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Re: Packs of Deinonychus
> Stan Friesen claims that the Yale Deinonychus site represents an assemblage
> bones that were transported by water. He states that the taphonomy of the
> shows this to be so; it's not an in situ assemblage.
Sigh, I wish I could remember where I read that!
I think it may have been in the "dinosaur" issue of Natural History,
which I am currently reading, but I am not quite sure.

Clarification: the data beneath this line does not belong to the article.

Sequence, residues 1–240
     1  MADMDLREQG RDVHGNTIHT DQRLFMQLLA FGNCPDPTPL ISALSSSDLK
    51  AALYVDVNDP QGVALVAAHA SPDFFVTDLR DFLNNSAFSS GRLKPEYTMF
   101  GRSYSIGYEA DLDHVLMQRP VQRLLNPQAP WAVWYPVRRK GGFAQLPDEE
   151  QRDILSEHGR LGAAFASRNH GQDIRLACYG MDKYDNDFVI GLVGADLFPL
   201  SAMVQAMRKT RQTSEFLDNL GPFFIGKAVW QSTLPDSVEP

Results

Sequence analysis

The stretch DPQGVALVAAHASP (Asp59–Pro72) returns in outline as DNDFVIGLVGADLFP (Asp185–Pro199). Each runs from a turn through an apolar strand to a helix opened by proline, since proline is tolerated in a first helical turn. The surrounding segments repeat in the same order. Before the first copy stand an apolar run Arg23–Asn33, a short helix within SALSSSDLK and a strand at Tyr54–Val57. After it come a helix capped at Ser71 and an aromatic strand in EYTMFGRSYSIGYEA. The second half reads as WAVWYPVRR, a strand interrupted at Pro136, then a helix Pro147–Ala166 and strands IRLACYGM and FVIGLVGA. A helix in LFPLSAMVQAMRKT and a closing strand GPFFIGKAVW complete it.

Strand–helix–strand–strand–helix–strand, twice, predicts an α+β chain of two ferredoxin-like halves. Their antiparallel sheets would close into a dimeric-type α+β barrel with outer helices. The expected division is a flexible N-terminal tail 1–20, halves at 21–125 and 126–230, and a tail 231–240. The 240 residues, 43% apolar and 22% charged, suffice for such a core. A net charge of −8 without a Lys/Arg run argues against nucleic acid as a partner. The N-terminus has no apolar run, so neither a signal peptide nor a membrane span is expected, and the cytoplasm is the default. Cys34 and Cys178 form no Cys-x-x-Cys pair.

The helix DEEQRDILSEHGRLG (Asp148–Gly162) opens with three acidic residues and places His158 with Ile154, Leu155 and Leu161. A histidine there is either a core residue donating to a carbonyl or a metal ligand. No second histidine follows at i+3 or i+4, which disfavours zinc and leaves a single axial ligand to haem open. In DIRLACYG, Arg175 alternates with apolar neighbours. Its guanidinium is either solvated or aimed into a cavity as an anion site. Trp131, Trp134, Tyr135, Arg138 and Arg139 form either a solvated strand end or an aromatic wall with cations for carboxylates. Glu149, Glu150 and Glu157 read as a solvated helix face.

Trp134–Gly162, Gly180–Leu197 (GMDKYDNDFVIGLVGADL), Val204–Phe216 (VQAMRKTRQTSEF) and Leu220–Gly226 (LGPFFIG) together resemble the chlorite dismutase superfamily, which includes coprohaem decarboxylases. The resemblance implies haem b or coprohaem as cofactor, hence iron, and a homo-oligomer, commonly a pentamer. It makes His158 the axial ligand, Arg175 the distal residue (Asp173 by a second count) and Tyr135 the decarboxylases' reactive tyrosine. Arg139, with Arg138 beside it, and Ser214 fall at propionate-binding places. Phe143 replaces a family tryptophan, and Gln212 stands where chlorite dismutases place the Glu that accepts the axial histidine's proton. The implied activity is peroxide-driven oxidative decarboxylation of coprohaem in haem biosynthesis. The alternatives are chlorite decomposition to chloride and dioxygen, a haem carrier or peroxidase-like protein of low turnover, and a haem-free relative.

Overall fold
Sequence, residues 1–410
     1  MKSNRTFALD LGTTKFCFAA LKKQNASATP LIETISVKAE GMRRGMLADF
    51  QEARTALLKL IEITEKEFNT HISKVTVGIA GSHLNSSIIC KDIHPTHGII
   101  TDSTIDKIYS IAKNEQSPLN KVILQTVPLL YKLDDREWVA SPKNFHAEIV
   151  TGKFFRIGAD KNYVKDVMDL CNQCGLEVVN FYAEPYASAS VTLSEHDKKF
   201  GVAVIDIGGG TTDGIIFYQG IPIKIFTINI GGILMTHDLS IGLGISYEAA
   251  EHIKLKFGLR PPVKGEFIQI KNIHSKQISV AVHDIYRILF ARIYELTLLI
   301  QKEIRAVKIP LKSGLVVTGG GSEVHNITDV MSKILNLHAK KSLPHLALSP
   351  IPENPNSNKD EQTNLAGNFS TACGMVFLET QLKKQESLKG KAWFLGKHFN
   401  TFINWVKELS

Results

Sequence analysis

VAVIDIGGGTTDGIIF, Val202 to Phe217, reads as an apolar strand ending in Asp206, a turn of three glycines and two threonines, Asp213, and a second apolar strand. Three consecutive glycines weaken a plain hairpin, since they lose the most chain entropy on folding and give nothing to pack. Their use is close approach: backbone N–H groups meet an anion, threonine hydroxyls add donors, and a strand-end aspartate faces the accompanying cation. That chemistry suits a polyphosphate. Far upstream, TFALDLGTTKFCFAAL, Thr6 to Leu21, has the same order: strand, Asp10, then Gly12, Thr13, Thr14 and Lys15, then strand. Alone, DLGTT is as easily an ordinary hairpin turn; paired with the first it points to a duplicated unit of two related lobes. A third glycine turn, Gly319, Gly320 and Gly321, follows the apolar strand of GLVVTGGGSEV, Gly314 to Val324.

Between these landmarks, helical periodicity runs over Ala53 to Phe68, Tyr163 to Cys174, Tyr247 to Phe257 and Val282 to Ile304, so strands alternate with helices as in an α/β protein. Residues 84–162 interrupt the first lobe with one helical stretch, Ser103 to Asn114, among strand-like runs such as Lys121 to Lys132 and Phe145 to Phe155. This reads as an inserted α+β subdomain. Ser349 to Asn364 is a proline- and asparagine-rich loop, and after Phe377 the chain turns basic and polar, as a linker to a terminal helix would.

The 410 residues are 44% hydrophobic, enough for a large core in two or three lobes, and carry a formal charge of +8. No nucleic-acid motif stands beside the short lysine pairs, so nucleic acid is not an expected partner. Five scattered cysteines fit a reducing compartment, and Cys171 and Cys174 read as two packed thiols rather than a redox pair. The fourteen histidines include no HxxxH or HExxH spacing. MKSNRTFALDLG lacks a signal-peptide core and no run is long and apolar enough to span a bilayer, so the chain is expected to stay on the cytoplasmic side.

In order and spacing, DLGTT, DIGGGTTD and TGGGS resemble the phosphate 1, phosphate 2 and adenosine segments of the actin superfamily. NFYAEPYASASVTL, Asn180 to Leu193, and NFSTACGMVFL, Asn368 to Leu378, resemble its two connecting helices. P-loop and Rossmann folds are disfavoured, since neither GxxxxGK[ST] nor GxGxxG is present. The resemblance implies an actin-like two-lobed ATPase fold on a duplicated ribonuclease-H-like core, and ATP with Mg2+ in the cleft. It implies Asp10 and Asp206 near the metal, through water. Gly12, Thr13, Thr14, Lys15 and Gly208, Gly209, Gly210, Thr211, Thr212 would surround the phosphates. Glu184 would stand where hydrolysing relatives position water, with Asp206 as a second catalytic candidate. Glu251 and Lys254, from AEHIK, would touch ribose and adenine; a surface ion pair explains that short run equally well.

> This is incorrect. The taphonomy of YPM 64-75 indicates that there was no
> transportation of the bones. The sediments are overbank deposits, not channel
> sands or anything else that would indicate water flow. The assemblage (one
> Tenontosaurus and at least four Deinonychus) was buried in situ; there is no
> evidence for transportation of any element. Many very delicate bones, such as
> palatal elements, are preserved unbroken and could not possibly represent a
> transported assemblage.
The sort of transport I was thinking of was whole carcass transport
prior to substantial decay. I think that is consistant with intact
small bones - and even with articulated skeletons.
Still, if it was overbank deposit, this is not at all likely.
The peace of God be with you.